Lollapalooza 2012: Sharon Van Etten / by Doyle Armbrust

For music best-suited to under-the-covers, blinds-drawn listening, a live 3pm set in sun-drenched Grant Park is a formidable artistic hurdle. Not so for Brooklyn's Sharon Van Etten. Following a glowing delivery from London-born singer-songwriter Michael Kiwanuka, and after somehow managing a sound check beneath the Black Angels psych-blowout across the way, Van Etten delivered one of Lollapalooza's most exquisite performances in recent history.

The first words from the stage? "My '90s dreams are coming true today."

Opening with "All I Can" off her 2012 release, Tramp, the languidly-pulsating organ and dreamy two-part mezzo harmonies gave way to the tune's thumping center, Van Etten's considerable vocal sustain evident from the launch. Next up, "Warsaw," with its alluringly asymmetric 5+3 bar intro, highlights the vocal technique that raises Van Etten above the millieu of autobiographically-driven singer-songwriters: an eliding diction as pure and pitch-perfect as it is bleary and rapturous. "Eeeyou" she sings at the top, sumptuously gliding down the word ("you") atop the percussive, persuasively loose-fitting rhythm guitar accompaniment. Even in the middle of the bright Chicago afternoon, the effect is blissful and disorienting.

For the buoyant "Leonard," Van Etten playfully skirts the regularity of the 6/8 meter, building ecstatic crescendos around the line "I am bad" and causing us to wonder if the sentiment is more wink than confession. "I wrote this song about someone who used to live in Chicago," she divulged from the stage. The presence of The National's Aaron Dessner, Tramp's producer, is perhaps most apparent here. Those of us that hold dear the sparing quality of Van Etten's 2009 debut, Because I Was In Love, can be grateful that Dessner's hand in elaborating her orchestrations here hasn't over-polished or overwhelmed the vivid emotional content.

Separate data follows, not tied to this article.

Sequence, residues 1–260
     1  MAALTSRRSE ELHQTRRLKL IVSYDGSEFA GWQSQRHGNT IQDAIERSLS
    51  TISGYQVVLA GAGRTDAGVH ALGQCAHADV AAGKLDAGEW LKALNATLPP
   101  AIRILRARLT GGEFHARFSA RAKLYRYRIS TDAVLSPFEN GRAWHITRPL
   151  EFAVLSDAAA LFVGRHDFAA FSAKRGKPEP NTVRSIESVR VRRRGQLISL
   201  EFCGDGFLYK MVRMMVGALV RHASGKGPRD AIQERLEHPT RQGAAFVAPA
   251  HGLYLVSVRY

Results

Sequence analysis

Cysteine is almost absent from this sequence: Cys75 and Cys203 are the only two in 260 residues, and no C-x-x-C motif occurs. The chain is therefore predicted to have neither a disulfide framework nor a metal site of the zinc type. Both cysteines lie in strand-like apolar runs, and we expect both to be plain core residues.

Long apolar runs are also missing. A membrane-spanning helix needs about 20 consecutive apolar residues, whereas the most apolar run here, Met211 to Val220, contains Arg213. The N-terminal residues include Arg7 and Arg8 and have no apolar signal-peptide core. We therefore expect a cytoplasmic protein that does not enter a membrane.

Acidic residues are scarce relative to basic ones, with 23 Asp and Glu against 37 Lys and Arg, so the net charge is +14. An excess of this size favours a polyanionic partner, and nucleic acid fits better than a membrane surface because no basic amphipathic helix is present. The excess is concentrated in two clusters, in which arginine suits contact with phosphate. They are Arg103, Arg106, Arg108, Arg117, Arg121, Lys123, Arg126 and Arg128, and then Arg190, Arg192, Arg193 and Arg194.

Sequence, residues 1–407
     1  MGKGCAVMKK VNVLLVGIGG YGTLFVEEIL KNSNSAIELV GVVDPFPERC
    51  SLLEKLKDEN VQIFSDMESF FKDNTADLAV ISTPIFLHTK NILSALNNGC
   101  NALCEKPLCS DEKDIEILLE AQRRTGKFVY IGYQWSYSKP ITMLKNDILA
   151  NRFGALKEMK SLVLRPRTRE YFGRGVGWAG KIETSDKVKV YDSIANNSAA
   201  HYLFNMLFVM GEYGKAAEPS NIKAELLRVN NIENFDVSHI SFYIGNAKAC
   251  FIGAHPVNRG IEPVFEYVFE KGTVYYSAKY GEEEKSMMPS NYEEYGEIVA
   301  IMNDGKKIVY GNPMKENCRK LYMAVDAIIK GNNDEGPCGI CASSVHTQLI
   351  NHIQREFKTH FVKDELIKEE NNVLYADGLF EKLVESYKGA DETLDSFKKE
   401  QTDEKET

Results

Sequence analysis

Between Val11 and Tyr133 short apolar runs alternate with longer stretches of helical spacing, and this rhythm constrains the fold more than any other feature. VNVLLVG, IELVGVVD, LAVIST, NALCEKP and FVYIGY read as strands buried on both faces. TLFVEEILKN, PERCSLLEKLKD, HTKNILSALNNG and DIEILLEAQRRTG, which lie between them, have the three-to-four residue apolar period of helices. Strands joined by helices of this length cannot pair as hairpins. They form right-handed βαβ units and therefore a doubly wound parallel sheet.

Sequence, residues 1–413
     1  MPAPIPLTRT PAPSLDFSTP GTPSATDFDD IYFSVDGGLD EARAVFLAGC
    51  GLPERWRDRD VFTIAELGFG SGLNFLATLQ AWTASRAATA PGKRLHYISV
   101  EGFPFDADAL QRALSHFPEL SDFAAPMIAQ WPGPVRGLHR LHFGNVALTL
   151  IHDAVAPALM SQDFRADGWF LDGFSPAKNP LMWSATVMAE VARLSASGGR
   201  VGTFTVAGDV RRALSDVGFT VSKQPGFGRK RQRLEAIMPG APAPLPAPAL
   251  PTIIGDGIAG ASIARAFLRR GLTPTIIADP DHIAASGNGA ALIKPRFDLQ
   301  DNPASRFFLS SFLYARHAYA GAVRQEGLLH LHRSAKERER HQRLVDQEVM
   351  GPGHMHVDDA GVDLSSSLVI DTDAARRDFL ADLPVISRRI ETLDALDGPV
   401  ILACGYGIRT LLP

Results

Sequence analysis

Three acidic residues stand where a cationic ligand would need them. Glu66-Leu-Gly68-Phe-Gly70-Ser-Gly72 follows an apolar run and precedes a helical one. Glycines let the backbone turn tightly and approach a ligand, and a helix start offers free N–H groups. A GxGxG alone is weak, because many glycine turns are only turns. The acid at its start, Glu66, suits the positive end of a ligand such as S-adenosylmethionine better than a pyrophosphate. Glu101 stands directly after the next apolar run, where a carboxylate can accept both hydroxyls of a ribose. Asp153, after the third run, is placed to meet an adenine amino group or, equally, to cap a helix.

"Kevin's" offered us a glimpse at Van Etten's disarmingly lovely upper vocal register, the genesis of each line suspending at the crest before alighting back on terra firma for the more damning portion of the lyric: "You…dig your own grave." The concentration between Van Etten and singer/guitarist/keyboardist Heather Woods Broderick was palpable in preparation for the start, and Broderick's vocal accompaniment did not disappoint. Seamless were the two voices, visibly enrapturing the crowd deep into its outer boundary.

The saturated, bowed-guitar heartache of "I'm Wrong" brought with it the band at its most unrestrained, feedback interweaving with Van Etten's soaring cries and ushering in the unsettling narrative of "Love More." The lyric "You chained me like a dog," here guides in a sweeping, melismatic chorus that stands as one of the singer's most unforgettable. The bar has been raised, Lollapalooza. Adjust accordingly.

- Doyle Armbrust

published in the Time Out Chicago Audio File Blog on August 3rd, 2012